Of thatte idlis and rural bike rides

It was something that had been on the radar for a while. Different things kept putting it off, but one fine winter morning I donned the jacket and the helmet over the head scarf and stood on the road by my bike waiting for my dad to return from his walk so that I could leave. The stray pups near the house came by for a chat and to see if I would play. I fooled around for a few minutes with the bolder one while the shier one stood by at a distance refusing to say hello.

Soon I was on my way, driving through newly laid empty roads to Ullal and making a small halt for Anand to join. We started at 8:30 AM, the morning chill not yet thawed, the mist/fog still hanging low. We rode along the outer ring road towards Kengeri, playing cat & mouse with the buses and lorries. A right at Kengeri and we were on Mysore road, racing by cars and mini-trucks with the buses asserting their dominance by stopping in the middle of the road.

The traffic was usual Mysore road style, free-flowing until you hit populated areas where the occasional auto-driver or two-wheeler would try to steal a quick one across the road bringing traffic to a halt for close to a 100 meters. Kengeri, Anchepalya all went by as we made our way towards Bidadi, and just out of nowhere a traffic jam sprung up! Worming our ways between buses and lorries, taking deft off-roaders, we made our ways to the front only to realize that it was caused by a bunch of humps laid together bringing the whole traffic to a crawl for a whole half a Km!

The traffic snarl notwithstanding we were at Bidadi for our breakfast by 9 AM. Breakfast in Bidadi is always Thatte Idli. Legend goes that there was one shop which used to make awesome Thatte idlis which soon got famous. Now the entire stretch of Mysore Road along Bidadi is dotted with tiny outlets proclaiming to make ‘Bidadi’ Thatte Idlis! The one shop, close to the bus stop was crowded as expected and unlike the haughtier places in Basavanagudi or Malleswaram, neither does the fare burn a hole in your pocket nor do you have to endure snooty waiters. Anand waded into the crowd while I found a strategic location close to the very red chutney. He waded out balancing two plates of idlis and a Vada each with a tiny dollop of butter melting over the surface of the idlis. The delicious idlis and the vada made it into our stomachs generously aided by the at-hand chutney. Once done, we figured we couldn’t get coffee there as the place was too crowded. This is one of the disadvantages of the place. Unlike the more famous outlets in Bangalore the coffee cannot hold water to the main fare here! After doing some adjust-maadi with the coffee from a nearby shop we headed out again.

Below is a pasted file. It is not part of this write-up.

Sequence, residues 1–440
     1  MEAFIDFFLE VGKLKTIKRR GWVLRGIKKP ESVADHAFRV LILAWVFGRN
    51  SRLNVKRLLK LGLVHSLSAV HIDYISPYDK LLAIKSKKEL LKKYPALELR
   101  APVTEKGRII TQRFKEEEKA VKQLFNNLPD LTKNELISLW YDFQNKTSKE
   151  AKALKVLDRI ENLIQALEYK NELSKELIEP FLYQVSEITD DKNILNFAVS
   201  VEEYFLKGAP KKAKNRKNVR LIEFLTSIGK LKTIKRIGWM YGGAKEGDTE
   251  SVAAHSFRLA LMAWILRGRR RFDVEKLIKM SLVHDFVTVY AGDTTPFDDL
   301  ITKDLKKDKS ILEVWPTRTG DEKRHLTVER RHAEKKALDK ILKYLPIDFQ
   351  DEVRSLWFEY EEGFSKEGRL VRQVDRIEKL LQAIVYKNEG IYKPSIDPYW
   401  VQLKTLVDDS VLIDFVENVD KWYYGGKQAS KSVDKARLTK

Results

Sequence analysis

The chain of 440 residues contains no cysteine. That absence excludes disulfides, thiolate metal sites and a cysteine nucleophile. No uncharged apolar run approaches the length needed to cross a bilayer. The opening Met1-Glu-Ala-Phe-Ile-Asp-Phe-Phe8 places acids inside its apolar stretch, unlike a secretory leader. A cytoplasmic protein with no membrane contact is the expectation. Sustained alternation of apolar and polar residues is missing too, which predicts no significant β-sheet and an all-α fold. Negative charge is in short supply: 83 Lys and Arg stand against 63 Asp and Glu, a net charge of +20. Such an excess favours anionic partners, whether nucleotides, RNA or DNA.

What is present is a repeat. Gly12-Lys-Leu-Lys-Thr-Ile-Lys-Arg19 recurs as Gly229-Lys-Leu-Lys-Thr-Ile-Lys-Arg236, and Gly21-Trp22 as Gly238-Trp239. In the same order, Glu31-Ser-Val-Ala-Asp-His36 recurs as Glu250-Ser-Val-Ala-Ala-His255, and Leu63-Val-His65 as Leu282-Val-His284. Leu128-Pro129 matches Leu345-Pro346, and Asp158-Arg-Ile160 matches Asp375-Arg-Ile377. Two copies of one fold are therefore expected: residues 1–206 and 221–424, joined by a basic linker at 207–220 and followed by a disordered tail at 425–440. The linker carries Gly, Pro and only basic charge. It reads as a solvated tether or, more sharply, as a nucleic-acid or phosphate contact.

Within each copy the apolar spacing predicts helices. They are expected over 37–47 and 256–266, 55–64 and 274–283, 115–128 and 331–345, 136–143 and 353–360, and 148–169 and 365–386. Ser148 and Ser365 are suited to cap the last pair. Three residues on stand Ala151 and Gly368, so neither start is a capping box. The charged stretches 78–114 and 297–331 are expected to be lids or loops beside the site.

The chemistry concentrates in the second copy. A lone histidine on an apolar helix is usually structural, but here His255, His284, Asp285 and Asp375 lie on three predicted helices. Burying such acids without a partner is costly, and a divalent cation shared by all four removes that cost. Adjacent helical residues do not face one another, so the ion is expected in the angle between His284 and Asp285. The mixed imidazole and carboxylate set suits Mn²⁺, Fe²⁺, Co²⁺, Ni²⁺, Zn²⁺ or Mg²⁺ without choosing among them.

Now the plan was to go North to hit Magadi road instead of returning via Mysore Road. From a previous ride, I had promised Anand of a ride through villages dotted by verdant green fields and pristine blue lakes. The road was initially dodgy and I promised good roads right after a bridge was passed around a KM inside. The bridge came and the roads became magical snaking through vegetation, smelling of early morning dew and drying hay. Within a few minutes we were near “Nelligudde Kere”. There is a bike path that goes right by the river where I had seen a biking team being put through its paces on a previous ride. This time it was empty. The fog had still not lifted as we rode by the lake getting as close as possible.

Nelligudde Kere(iPhone pic, might be low quality)

We hit the road back and rode along cruising at around 60, never going too fast. Given the proximity to the lakes and the Arkavathy river, the fields around were well irrigated and the farmers prosperous. Houses and people looked well taken care-of and well-nourished with cars and bikes parked outside. Villages appeared every 3-4 Kms each with their own schools which boasted of blackboards all along the walls with drawings and announcements taking up every available inch.

Soon we reached the crossroads where the road to the left announced Manchanabele dam in 2 Kms. We took the detour and rode through similar roads and over hay spread on the road to dry. An incline took us up and we turned right and dropped straight into a huge valley with the Manchanabele lake lying at the heart of it. It was a breathtaking ride to go down the valley by the lake and we tried to get close to it, but were beaten back by the quality of the roads leading into it.

We continued along the same direction, but after a short distance decided to turn back as the road seemed to be getting bad. We came back to the same crossroads and I missed taking a pic of the valley from the drop-down point. We continued north and reached Magadi Road, the road getting progressively wider. We joined Magadi road around 7 KMs beyond Tavarekere and raced along at an easy 80 KpH on the pristine highway. A shortcut after the NICE road meant that we were at our respective homes by 11 AM, after promising to do another ride sometime.

Route map:


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